Endemic Areas



Pathogenesis: pulmonary HTN due to anatomic obstruction by eggs/ intense granulomatous response to eggs
-Transmission: intermediate snail host release cercariae into fresh water: cercariae enter human through skin and transform into schistosomulae (which migrate through lungs and liver and develop into mature fluke in venous plexuses)
-Focus of infection: S. Mansoni reside in inferior mesenteric vein/ S. Japonicum reside in superior mesenteric plexus/ S. Haematobium reside in the vesical plexus
-S. Mansoni/ S. Japonicum: flukes release eggs into intestinal circulation, which lodge in portal veins (late in course, eggs travel via porto-systemic collaterals to pulmonary circulation)
-S. Haematobium: flukes release eggs into circulation, which lodge in urinary bladder
-Stool/ urine of infected persons transmits eggs back to soil, which hatch into miracidia (which invade the snail, intermediate host)


Acute worm migration:
-Katayama fever: transient pulmonary infiltrates/ leuko-cytosis (with eosinophilia)/ elevated immune complexes

Chronic infection:
-S. Mansoni/ S. Japonicum:
-Liver biopsy with characteristic pre-sinusoidal fibrosis (“Symmer’s pipestem fibrosis”): may aid in diagnosis of pulmonary HTN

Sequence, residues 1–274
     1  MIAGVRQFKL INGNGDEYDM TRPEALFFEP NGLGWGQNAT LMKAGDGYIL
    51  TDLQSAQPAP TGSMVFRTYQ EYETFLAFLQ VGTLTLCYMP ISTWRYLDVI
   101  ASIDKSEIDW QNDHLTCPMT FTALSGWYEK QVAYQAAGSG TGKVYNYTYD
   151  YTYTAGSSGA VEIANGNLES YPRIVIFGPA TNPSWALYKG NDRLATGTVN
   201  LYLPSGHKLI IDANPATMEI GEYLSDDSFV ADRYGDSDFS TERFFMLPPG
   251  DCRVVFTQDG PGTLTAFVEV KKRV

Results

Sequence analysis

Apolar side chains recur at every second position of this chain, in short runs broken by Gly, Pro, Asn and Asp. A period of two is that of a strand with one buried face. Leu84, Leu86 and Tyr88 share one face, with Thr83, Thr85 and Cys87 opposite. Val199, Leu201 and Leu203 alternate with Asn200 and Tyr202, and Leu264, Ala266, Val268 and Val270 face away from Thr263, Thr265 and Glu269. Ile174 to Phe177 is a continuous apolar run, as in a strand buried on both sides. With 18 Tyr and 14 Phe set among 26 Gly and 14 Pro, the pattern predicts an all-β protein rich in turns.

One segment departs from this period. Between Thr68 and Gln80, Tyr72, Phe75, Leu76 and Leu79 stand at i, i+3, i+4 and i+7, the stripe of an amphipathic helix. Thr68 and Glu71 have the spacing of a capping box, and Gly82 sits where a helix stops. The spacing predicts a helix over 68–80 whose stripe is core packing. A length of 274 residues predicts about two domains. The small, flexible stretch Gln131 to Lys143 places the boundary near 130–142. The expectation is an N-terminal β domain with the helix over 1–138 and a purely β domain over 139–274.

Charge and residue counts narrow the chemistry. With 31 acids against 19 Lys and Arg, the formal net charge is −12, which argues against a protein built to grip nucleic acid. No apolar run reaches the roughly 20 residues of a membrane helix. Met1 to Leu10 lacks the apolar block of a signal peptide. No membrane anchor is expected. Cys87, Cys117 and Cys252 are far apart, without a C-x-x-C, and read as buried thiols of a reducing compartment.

-Hypoxemia (occurs late/ may occur early in cases with micro-scopic pulmonary A-V fistulae)
-PFT abnormalities: decreased DLCO/ obstruction/ decreased lung volumes
-CXR abnormalities: basilar or mid-zone infiltrates/ miliary infiltrates/ evidence of pulmonary HTN/ isolated granulomas (occasional)
-Stool O+P: demonstrates eggs (Kato thick smear: quantitative exam of stool)
-Urine O+P: eggs may be filtered out with a microfilter
-Rectal Bx: demonstrates eggs
-Sputum O+P: may rarely demonstrate eggs


Skin penetration:
-“Swimmer’s itch”: local transient dermatitis

Katayama fever (syndrome due to acute worm migration, probably due to reaction to invading schistosome rather than to eggs/ usually associated with heavy primary infection: mainly with S. Japonicum, rarely with S. Haematobium)
-Systemic: fever/ chills/ headache/ myalgias/ arthralgias
-GI: weight loss/ abdominal pain/ diarrhea/ hepatosplen-omegaly and lymphadenopathy (occur in 20-30% of cases)
-Pulmonary: dry cough/ wheezing
-Neurologic: transverse myelitis

Chronic infection:
-S. Mansoni/ S. Japonicum: fatigue/ intermittent diarrhea/ abdominal pain/ portal HTN (with relatively spared hepatic synthetic function)/ pulmonary HTN (dyspnea/ precordial chest pain)/ cyanosis, clubbing (may occur in cases with pulmonary A-V fistulae within granulomas or due to portopulmonary shunting)
-25% of patients with hepatic involvement have some evidence of pulmonary involvement (but <5% have Cor Pulmonale): hepatic involvement always precedes pulmonary involvement
-S. Haematobium: bladder and urinary tract involvement/ pulmonary HTN (may occur due to embolization of eggs via IVC)


-S. Mansoni/ S. Haematobium: 20 mg/kg BID X 1 day (alternate foro S. Haema-tobium: Metri-fonate/ alter-nate for S. Mansoni: Oxamiquine)
-S. Japonicum: 20 mg/kg TID X 1 day
-efficacy for treatment of Katayama fever is not known
-efficacy of treatment to re-verse hepatic/ pulmonary dis-ease in adults has not been shown (only proven in children)
-may precipitate an acute self-limited pulmonary reaction (due to released antigens from worms): cough/ wheezing/ eosinophilia/ new pulmonary infiltrates